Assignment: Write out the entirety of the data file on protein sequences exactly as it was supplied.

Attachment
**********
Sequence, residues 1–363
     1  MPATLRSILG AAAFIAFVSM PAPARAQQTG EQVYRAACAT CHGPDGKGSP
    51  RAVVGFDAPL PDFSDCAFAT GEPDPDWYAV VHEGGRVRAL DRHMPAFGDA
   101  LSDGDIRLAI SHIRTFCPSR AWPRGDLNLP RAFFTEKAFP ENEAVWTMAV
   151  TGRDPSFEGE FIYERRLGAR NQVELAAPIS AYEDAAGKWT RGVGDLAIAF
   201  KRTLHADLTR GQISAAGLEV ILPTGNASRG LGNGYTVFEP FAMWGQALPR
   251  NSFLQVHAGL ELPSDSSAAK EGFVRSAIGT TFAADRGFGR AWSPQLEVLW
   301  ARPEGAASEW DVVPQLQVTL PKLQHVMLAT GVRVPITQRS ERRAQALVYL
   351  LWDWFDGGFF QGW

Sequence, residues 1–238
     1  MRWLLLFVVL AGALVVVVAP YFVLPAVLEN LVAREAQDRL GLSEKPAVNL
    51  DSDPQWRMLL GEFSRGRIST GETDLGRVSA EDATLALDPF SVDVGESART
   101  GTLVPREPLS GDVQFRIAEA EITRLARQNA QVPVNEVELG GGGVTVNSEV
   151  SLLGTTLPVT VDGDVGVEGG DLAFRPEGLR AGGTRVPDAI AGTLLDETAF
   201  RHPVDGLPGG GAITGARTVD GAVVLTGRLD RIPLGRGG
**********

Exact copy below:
Sequence, residues 1–363
     1  MPATLRSILG AAAFIAFVSM PAPARAQQTG EQVYRAACAT CHGPDGKGSP
    51  RAVVGFDAPL PDFSDCAFAT GEPDPDWYAV VHEGGRVRAL DRHMPAFGDA
   101  LSDGDIRLAI SHIRTFCPSR AWPRGDLNLP RAFFTEKAFP ENEAVWTMAV
   151  TGRDPSFEGE FIYERRLGAR NQVELAAPIS AYEDAAGKWT RGVGDLAIAF
   201  KRTLHADLTR GQISAAGLEV ILPTGNASRG LGNGYTVFEP FAMWGQALPR
   251  NSFLQVHAGL ELPSDSSAAK EGFVRSAIGT TFAADRGFGR AWSPQLEVLW
   301  ARPEGAASEW DVVPQLQVTL PKLQHVMLAT GVRVPITQRS ERRAQALVYL
   351  LWDWFDGGFF QGW

Sequence, residues 1–238
     1  MRWLLLFVVL AGALVVVVAP YFVLPAVLEN LVAREAQDRL GLSEKPAVNL
    51  DSDPQWRMLL GEFSRGRIST GETDLGRVSA EDATLALDPF SVDVGESART
   101  GTLVPREPLS GDVQFRIAEA EITRLARQNA QVPVNEVELG GGGVTVNSEV
   151  SLLGTTLPVT VDGDVGVEGG DLAFRPEGLR AGGTRVPDAI AGTLLDETAF
   201  RHPVDGLPGG GAITGARTVD GAVVLTGRLD RIPLGRGG